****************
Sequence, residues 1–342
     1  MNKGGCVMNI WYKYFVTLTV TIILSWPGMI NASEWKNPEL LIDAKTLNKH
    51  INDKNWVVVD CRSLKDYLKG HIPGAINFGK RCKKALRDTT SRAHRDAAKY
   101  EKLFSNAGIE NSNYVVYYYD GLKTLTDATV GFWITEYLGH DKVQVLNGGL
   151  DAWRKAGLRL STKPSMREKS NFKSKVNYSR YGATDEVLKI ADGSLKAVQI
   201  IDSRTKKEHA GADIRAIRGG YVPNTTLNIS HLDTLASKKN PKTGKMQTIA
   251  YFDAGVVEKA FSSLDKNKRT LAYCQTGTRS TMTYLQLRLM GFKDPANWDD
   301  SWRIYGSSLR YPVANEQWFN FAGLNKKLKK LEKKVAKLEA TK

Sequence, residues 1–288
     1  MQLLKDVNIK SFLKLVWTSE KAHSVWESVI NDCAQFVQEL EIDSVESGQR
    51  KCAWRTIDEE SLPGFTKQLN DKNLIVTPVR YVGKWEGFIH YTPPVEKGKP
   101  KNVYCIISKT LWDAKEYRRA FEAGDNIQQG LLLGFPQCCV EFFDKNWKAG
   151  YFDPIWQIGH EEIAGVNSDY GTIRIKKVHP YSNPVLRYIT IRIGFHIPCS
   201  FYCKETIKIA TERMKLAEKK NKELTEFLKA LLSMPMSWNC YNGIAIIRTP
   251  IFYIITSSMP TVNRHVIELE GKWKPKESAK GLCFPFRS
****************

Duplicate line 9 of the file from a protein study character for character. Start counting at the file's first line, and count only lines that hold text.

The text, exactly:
Sequence, residues 1–288